Along with similarities in the rhetoric employed by the Western powers to justify war on Libya, there are also some pretty glaring military similarities.
Prior to the actual invasion and subsequent war in Iraq, the US had established a no fly zone over Iraq and imposed economic and military sanctions. This prevented Iraq from being able to purchase weapons, or to purchase foods, etc. thereby creating a humanitarian crisis which became the cause for UN intervention, and programs on the ground, which translates very often into intelligence gathering. The US also routinely targeted Iraq for attacks, bringing down its jets, destroying military installations and destroying its radar and other defense mechanisms. This all served to make the invasion very easy since there was no radar, very few fighter jets to mount counter attacks, and the people had been physically weakened and morally broken by years of economic sanctions and a previously devastating war known as Desert Storm that was also substantiated by false information and false claims against Iraq related to an Iraqi military invasion of disputed land claimed by both Iraq and Kuwait, that had been tacitly approved by the US.
Now Libya has been prepared for invasion. Under the dame guise of providing humanitarian assistance a no fly zone has been established and Libya’s military weakened. It is important to note the military is only being weakened and not destroyed. This was the same with the Iraqi military. Even after the invasion, Iraq’s military did not really engage the coalition forces on the ground, and were in fact allowed to disband, carrying their weapons with them. Why is this important? It is important since later, after the invasion was complete and the occupation underway, the war of attrition that was to take place in Iraq along with the destruction of Iraq’s infrastructure, was carried to a great extent as internecine violence, carried out as a sectarian war, Sunni against Shia, and led by guess who? Al Qadea…of course. At least for a time, it seems that Iraq’s military was transformed into Al Qadea just long enough to kill enough Iraqis, Sunni and Shia, while creating a competition for US approval and also for money being doled out by the US military on the ground to buy loyalty from various tribes and factions that created political paralysis in the country that prevented the formation of an independent and fully representative and legitimate Iraqi government.
Looking now at the situation as it develops in Libya, we can see that Libya is possibly being prepared for a similar experience. The UN passed a resolution calling for the establishment of a no fly zone and arms embargo. The UN has followed up with a call for UN sponsored humanitarian projects to assist refugees. Libya’s army is being weakened and not destroyed, while its ability to strike back at coalition forces has been eliminated. Again the coalition forces have positioned themselves politically and militarily as being on the side of the people, but in respect to Libya, they are pretending to be neutral in respect to regime change. They did learn a few lessons from their experience in Iraq that they want to avoid in Libya. The UN’s refusal to recognize an interim Libyan government shows that they are waiting to see who will prevail before offering fealty to any potential leader.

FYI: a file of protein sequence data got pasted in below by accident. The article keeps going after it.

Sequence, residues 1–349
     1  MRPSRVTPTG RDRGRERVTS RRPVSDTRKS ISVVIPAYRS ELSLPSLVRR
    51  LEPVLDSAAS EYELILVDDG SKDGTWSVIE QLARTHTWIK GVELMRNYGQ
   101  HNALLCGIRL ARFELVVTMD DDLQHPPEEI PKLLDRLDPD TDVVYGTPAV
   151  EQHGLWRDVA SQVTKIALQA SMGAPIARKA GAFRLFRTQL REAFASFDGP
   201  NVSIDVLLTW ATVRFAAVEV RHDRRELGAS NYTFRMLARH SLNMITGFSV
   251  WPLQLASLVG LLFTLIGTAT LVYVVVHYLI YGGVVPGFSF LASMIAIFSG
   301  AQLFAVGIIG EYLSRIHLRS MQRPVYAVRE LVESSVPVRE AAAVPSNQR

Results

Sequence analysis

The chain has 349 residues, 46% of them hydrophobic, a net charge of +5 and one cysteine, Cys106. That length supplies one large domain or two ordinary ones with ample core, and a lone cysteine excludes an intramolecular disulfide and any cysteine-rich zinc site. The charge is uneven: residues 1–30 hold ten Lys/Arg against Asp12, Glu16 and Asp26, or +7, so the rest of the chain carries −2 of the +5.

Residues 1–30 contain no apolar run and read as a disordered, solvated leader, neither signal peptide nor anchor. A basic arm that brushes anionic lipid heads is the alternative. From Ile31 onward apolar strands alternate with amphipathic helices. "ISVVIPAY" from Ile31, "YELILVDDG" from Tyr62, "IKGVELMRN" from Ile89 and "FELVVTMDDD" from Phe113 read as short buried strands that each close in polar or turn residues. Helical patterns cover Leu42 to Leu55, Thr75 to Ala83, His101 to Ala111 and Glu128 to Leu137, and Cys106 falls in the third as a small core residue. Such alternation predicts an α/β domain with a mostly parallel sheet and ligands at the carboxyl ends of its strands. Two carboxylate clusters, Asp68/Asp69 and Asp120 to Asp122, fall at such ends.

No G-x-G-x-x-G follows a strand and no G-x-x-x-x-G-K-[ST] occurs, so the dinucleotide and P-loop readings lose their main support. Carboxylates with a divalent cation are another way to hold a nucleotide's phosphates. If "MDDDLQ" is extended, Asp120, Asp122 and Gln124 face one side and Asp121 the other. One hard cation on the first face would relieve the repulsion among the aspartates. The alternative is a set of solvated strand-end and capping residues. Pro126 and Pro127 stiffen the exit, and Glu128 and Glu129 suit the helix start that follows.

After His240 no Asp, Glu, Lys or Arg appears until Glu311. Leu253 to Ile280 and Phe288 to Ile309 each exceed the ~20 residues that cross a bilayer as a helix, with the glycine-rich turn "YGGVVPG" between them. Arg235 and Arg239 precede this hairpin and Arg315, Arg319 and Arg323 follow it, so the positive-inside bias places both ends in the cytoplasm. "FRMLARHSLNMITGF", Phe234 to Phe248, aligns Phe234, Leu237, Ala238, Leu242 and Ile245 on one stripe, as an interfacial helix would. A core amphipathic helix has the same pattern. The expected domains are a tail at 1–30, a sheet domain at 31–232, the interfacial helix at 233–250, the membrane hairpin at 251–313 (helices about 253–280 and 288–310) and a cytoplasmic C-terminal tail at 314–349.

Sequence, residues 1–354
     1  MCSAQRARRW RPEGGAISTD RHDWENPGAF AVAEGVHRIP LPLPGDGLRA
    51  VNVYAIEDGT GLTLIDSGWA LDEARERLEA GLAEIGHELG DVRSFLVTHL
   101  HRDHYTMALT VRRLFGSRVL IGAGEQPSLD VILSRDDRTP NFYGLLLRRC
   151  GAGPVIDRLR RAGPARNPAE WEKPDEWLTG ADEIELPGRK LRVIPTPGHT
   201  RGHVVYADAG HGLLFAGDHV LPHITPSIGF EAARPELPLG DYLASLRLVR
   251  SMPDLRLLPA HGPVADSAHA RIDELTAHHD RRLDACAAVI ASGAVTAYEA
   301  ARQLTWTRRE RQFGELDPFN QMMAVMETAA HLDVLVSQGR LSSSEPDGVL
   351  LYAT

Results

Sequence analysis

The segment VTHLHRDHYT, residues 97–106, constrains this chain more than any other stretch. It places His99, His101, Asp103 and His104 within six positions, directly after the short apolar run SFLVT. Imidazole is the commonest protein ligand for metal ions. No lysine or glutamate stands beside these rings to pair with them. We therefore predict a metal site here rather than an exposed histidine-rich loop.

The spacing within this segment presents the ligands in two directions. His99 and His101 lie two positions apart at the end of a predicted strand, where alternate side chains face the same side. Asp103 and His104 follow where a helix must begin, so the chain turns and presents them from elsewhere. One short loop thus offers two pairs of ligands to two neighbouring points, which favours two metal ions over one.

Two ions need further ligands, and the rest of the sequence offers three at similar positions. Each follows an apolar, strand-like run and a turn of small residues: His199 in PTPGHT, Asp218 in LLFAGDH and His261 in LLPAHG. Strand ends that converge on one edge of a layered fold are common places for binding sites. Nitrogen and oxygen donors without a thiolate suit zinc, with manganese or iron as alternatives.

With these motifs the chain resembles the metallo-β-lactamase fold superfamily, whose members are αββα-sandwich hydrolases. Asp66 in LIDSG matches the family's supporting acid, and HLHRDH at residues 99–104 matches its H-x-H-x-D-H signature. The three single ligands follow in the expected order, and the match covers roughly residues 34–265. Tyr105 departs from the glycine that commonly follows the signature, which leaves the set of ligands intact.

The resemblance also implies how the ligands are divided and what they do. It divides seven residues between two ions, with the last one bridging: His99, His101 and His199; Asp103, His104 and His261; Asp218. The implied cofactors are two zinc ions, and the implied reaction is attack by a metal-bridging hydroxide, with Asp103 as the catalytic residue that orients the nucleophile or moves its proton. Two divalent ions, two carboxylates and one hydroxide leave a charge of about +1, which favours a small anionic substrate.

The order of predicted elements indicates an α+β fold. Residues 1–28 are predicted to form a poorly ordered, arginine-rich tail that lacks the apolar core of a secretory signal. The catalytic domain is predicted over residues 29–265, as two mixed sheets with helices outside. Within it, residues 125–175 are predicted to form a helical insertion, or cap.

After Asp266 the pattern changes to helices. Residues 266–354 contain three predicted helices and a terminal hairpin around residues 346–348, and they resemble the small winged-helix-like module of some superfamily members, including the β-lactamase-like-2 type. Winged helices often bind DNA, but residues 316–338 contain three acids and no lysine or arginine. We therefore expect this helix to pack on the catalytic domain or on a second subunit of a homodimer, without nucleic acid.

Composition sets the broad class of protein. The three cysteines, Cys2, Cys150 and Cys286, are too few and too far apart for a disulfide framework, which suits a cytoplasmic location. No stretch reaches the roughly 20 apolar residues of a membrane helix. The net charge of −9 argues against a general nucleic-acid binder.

If these observations are indications of what is to be expected in Libya, they suggest that we will see a coalition invasion and occupation. We are also likely to see the war between the Qaddafi faction and the opposition get more intense as coalition forces on the ground play both sides, one against another, creating civil war and chaos that will result in UN intervention that will put UN peacekeepers on the ground and the country split between East and West, just as Somalia, Sudan, Iraq and Palestine have been divided, with the oil and resource rich territory being where the Western support will be found. Whichever faction is able to capture and hold the oil rich regions that will be the faction, who in the end will enjoy Western support. If the Western powers decide that they can work with Saif Al Islam, there is also a chance that they will eliminate his father and put him in power, and utilize the Libyan army, what is left of it, along with more AU mercenaries to eliminate the opposition and to kill the rebels and those who supported the opposition.
The only way to avoid this scenario is for a fourth player to enter. It was Edmund Burke in his brilliant writings on the French Revolution (Reflections on the French Revolution) who made the brilliant observation, that whenever two powers become locked in conflict, and a third player enters the situation, all power will devolve into the hands of the third player, which is in this instance and all of the war on terrorism situations, is a US led coalition of Western powers. Since the two opposing factions are not going to reconcile and unite against the coalition, sparing Libya an Iraqi like experience, another interest must be identified and allowed to operate. In my opinion, that fourth interest will be the Islamic movement.
Should Islamic movement leaders recognize the strategic importance of Libya and come to understand how the fall of Libya into the hands of a US/Israeli puppet such as Saif Al Islam Qaddafi and NATO would destabilize the region while strengthening Israel, they will enter this situation and change the dynamic completely.